Wednesday, December 19, 2007

Celebrating by Giving

My clan celebrates the holidays like most folks, by getting together on Christmas Day to catch up over a huge feat, which makes us groan like it was Thanksgiving again. (Ditto this for my second Christmas with my step-mom and brother.) There is often an exchange of gifts. One year it was gifts cards and another year we chose names. This year we’d intended to do a story swap, but things didn’t quite work out. So things change, especially when our Christmas celebration is being held on the day after Christmas this year. Which will seem odd, since the family has always congregated at my grandparent’s house since I was born. But I guess that means that we’ll actually get to my bf’s parents' house in time to see his sisters and their brood with friends in tow.

But I guess all in all that’s a ho-hum kind of celebration, especially after everyone’s had way too much to eat and is nodding off on the sofa. So I thought I’d share a true story about the origin of what finally got me in the Christmas spirit this year.

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“Money doesn’t grow on trees.” My mother uttered those words, fed up by one of my fussy childhood moods. Reflecting on those words as an adult, I realize what a good lesson I learned that day under the pecan tree in my grandparents’ back yard. Luckily I get to be part of one special way my mother pays that lesson forward every year with a twist.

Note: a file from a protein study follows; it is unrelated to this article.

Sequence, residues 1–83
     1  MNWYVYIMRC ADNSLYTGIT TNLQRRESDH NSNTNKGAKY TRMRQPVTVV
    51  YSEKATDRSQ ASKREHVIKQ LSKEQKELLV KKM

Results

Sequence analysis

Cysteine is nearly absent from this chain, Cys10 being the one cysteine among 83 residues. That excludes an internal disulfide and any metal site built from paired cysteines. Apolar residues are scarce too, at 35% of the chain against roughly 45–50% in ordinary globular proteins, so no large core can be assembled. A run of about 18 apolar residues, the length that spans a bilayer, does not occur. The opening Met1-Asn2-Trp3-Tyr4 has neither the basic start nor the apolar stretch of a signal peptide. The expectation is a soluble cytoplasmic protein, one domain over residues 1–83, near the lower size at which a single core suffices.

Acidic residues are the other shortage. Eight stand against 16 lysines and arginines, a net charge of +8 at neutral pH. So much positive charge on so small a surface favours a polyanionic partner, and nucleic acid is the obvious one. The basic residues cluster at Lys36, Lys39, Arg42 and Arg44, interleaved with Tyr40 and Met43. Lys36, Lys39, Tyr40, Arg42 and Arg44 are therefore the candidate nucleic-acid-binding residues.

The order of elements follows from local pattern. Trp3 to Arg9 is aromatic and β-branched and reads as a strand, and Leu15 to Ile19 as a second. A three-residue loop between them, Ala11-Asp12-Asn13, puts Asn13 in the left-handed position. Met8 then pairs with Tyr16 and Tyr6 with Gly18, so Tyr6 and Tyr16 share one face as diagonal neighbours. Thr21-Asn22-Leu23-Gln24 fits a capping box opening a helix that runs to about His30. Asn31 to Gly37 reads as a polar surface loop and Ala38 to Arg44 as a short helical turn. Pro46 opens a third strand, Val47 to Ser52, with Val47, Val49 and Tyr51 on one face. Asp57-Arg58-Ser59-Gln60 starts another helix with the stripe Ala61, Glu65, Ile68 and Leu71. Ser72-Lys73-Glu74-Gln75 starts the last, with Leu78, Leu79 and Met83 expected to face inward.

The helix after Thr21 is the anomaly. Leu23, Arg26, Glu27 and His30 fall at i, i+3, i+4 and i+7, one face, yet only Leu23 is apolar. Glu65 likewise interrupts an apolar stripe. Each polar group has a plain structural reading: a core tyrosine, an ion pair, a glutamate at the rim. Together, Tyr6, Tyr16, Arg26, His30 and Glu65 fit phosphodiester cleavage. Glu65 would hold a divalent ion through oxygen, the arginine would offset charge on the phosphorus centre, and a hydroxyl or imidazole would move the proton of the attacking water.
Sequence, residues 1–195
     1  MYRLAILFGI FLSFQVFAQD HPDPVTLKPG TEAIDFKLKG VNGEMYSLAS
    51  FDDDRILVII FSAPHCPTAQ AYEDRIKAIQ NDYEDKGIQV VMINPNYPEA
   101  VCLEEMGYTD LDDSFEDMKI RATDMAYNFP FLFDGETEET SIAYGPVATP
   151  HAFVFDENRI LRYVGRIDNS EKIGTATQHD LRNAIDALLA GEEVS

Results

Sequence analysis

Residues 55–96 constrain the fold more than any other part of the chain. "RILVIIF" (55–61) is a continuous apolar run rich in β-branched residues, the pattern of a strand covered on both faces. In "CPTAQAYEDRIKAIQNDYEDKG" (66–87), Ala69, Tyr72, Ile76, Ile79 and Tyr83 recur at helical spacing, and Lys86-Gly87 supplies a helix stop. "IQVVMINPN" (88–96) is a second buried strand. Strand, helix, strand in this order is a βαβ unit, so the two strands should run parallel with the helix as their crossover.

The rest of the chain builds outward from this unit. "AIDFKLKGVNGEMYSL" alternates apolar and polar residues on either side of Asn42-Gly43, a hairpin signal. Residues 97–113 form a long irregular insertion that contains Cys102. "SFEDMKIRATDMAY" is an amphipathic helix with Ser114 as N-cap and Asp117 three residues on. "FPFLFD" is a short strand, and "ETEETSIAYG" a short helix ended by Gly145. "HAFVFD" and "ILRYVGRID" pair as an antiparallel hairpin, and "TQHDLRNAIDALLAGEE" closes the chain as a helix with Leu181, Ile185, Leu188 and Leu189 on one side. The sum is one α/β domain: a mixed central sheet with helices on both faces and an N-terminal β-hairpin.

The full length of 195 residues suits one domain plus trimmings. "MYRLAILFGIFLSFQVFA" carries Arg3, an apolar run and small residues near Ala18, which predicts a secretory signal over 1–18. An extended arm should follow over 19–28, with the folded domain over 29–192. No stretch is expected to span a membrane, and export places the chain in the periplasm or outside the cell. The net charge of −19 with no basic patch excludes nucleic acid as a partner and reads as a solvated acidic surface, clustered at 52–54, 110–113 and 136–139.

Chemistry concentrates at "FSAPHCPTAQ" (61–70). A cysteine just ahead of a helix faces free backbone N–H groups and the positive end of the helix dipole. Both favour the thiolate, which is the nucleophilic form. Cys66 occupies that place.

Inside the local toy store, I went my way and my mother went hers browsing the aisles to help me locate an elusive Christmas gift. High and low we searched, trailing up and down the aisles. With nothing fitting what I had in mind, I returned to her side almost empty handed.

I found her standing beside a small Christmas tree. Its green artificial branches weighted down by the heavy burden from a multitude of cut-out angels. Blonde headed girls and boys dressed in red, white and blue uniforms gazed back innocently, their bellies full of scribbled ink.

Her fingers caressed one of the cut-outs as she tipped the thin piece of paper forward to read a child’s Christmas list. Silently she continued until she’d worked her way around the entire tree. “They’re not asking for much,” she stated, glancing my way.

I’d copied her actions, arriving at the same conclusion.

“Why don’t we choose a couple of these?”

I nodded, already plucking off a pair of cut-outs—one boy and one girl—from the tree. Once again I’d unconsciously traced my mother’s own actions. Her lips moved, re-reading the pair of needy children’s wishes. A smile broke across her face as she led the way back down the aisles, this time in the lead.

Like youngsters ourselves we delighted in riffling through a wall full of coloring books. Through a sea of princesses and robotic heroes we delved to find the perfect activity books. Shoulder to shoulder we delved into the stuffed animals to pull out each teddy bear for inspection. Next we hemmed over which doll would be ideal. Because of the plethora of tiny pieces, I succumbed to her experience. Then she differed to my knowledge to snag “her” little boy a nifty action figure. After adding a board game and toddler’s primary colored dump truck to our arms full we headed to the check out desk.

Yet my mother still wasn’t satisfied. “Can we get the other items you don’t carry here and then bring the gifts back for donation?”